In recent years, discussions of responsible AI practices have seen growing support for "participatory AI" approaches, intended to involve members of the public in the design and development of AI systems. Prior research has identified a lack of standardised methods or approaches for how to use participatory approaches in the AI development process. At present, there is a dearth of evidence on attitudes to and approaches for participation in the sites driving major AI developments: commercial AI labs. Through 12 semi-structured interviews with industry practitioners and subject-matter experts, this paper explores how commercial AI labs understand participatory AI approaches and the obstacles they have faced implementing these practices in the development of AI systems and research. We find that while interviewees view participation as a normative project that helps achieve "societally beneficial" AI systems, practitioners face numerous barriers to embedding participatory approaches in their companies: participation is expensive and resource intensive, it is "atomised" within companies, there is concern about exploitation, there is no incentive to be transparent about its adoption, and it is complicated by a lack of clear context. These barriers result in a piecemeal approach to participation that confers no decision-making power to participants and has little ongoing impact for AI labs. This papers contribution is to provide novel empirical research on the implementation of public participation in commercial AI labs, and shed light on the current challenges of using participatory approaches in this context.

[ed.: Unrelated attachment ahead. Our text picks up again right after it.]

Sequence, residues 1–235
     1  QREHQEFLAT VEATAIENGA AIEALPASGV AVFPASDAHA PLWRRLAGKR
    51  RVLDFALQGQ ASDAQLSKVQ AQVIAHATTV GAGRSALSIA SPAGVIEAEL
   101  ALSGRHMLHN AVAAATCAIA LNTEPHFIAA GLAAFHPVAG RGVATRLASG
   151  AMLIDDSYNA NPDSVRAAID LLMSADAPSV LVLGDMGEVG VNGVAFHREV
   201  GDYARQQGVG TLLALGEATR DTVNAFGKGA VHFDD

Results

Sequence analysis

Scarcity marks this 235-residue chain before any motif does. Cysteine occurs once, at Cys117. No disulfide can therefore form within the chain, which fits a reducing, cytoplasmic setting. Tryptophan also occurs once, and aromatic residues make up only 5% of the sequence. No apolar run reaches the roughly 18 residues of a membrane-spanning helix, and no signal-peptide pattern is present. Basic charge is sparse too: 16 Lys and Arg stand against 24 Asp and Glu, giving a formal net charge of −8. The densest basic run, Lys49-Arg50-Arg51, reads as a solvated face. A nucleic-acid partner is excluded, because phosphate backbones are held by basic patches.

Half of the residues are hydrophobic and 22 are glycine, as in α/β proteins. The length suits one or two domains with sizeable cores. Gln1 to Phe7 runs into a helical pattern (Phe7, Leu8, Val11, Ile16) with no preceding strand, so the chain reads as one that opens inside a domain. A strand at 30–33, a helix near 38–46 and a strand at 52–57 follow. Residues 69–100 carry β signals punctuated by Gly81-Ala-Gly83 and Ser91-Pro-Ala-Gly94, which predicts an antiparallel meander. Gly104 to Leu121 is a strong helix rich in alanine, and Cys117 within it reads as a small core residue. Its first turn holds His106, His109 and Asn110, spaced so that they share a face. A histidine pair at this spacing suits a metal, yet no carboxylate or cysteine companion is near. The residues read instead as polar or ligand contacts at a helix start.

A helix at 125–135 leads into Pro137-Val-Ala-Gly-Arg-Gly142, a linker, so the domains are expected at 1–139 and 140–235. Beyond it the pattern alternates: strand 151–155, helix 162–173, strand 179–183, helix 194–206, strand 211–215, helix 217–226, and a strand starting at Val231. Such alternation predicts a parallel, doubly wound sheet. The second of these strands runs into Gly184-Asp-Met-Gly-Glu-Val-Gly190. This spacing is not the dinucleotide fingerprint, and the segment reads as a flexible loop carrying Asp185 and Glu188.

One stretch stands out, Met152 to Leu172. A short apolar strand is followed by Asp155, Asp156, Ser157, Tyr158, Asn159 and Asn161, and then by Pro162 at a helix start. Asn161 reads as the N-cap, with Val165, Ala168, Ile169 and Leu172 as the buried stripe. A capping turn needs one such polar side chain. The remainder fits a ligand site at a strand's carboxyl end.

Generative AI systems across modalities, ranging from text, image, audio, and video, have broad social impacts, but there exists no official standard for means of evaluating those impacts and which impacts should be evaluated. We move toward a standard approach in evaluating a generative AI system for any modality, in two overarching categories: what is able to be evaluated in a base system that has no predetermined application and what is able to be evaluated in society. We describe specific social impact categories and how to approach and conduct evaluations in the base technical system, then in people and society. Our framework for a base system defines seven categories of social impact: bias, stereotypes, and representational harms; cultural values and sensitive content; disparate performance; privacy and data protection; financial costs; environmental costs; and data and content moderation labor costs. Suggested methods for evaluation apply to all modalities and analyses of the limitations of existing evaluations serve as a starting point for necessary investment in future evaluations. We offer five overarching categories for what is able to be evaluated in society, each with their own subcategories: trustworthiness and autonomy; inequality, marginalization, and violence; concentration of authority; labor and creativity; and ecosystem and environment. Each subcategory includes recommendations for mitigating harm. We are concurrently crafting an evaluation repository for the AI research community to contribute existing evaluations along the given categories. This version will be updated following a CRAFT session at ACM FAccT 2023.